Jenson's model proposes another risk adjusted performance measure. This measure was developed by Michael Jenson and is sometimes referred to as the Differential Return Method. This measure involves evaluation of the returns that the fund has generated vs. the returns actually expected out of the fund given the level of its systematic risk. The surplus between the two returns is called Alpha, which measures the performance of a fund compared with the actual returns over the period. Required return of a fund at a given level of risk (Bi) can be calculated as:

Ri = Rf + Bi (Rm - Rf)

Where, Rm is average market return during the given period. After calculating it, alpha can be obtained by subtracting required return from the actual return of the fund.

Higher alpha represents superior performance of the fund and vice versa. Limitation of this model is that it considers only systematic risk not the entire risk associated with the fund and an ordinary investor cannot mitigate unsystematic risk, as his knowledge of market is primitive.

The Risk-free Proxy

The study has used the on 91-day Treasury bills (T-bills) as a surrogate for the risk-free rate of return. Due care has been taken to take identical time periods and equal sample observations for each of the funds. The data have been adjusted for corporate actions to make the data comparable overtime. NAV data have been collected from Value Research online, While Treasury bill data has been collected from RBI site.


The report work is completely divided into major five chapters.

* Chapter one deals with the introduction of internship, about organization working in, possible time period to complete and the benefits from the internship.

* Chapter two tells us about the research design,

* Chapter three tells us about the industry and company analysis.

* Chapter four describes all about the data analysis and interpretation part. This is one of the most important parts of the study.

* Last chapter five will describe about the major findings, recommendations and conclusions.


The study was restricted due to non availability of certain data as Crisil index and % change for this index.

* In some fund categories, the data for the top five funds was unavailable and hence, others funds were taken.

* Most of the funds taken were on the downfall scene because of the recession and the bad market condition.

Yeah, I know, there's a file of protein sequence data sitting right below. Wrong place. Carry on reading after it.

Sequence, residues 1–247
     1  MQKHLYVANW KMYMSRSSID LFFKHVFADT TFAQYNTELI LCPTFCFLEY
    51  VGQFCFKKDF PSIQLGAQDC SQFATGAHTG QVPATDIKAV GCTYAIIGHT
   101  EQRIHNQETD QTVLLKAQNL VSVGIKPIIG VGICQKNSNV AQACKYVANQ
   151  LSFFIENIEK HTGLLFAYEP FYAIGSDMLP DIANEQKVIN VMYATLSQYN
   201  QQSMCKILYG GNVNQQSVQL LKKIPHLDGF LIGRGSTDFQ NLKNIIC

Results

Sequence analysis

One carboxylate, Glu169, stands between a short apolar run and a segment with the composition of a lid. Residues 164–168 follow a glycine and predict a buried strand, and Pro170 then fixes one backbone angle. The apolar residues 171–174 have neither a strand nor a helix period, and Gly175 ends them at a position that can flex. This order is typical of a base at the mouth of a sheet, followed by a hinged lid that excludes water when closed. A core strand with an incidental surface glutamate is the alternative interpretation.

* The fund identified as best may not hold good for long period because performance of funds can change anytime according to the changes in the market with respect to the portfolio.

* The study is restricted to small time period of only one year.

* The data used are for the study are secondary data and thus subjected to the limitations of the secondary data.

* The study is restricted to few funds and few companies only.

* The total time period is very limited to study the mutual fund industry and come to a final conclusion.








Mutual fund is a trust that pools money from a group of investors (sharing common financial goals) and invest the money thus collected into asset classes that match the stated investment objectives of the scheme. Since the stated investment objectives of a mutual fund scheme generally form the basis for an investor's decision to contribute money to the pool, a mutual fund can not deviate from its stated objectives at any point of time.

Every Mutual Fund is managed by a fund manager, who using his investment management skills and necessary research works ensures much better return than what an investor can manage on his own. The capital appreciation and other incomes earned from these investments are passed on to the investors (also known as unit holders) in proportion of the number of units they own.

When an investor subscribes for the units of a mutual fund, he becomes part owner of the assets of the fund in the same proportion as his contribution amount put up with the corpus (the total amount of the fund). Mutual Fund investor is also known as mutual fund shareholder or a unit holder. Any change in the value of the investments made into capital market instruments (such as shares, debentures etc) is reflected in the Net Asset Value (NAV) of the scheme. NAV is defined as the market value of the Mutual Funds scheme's assets net of its liabilities. NAV of a scheme is calculated by dividing the market value of scheme's assets by the total number of units issued to the investors.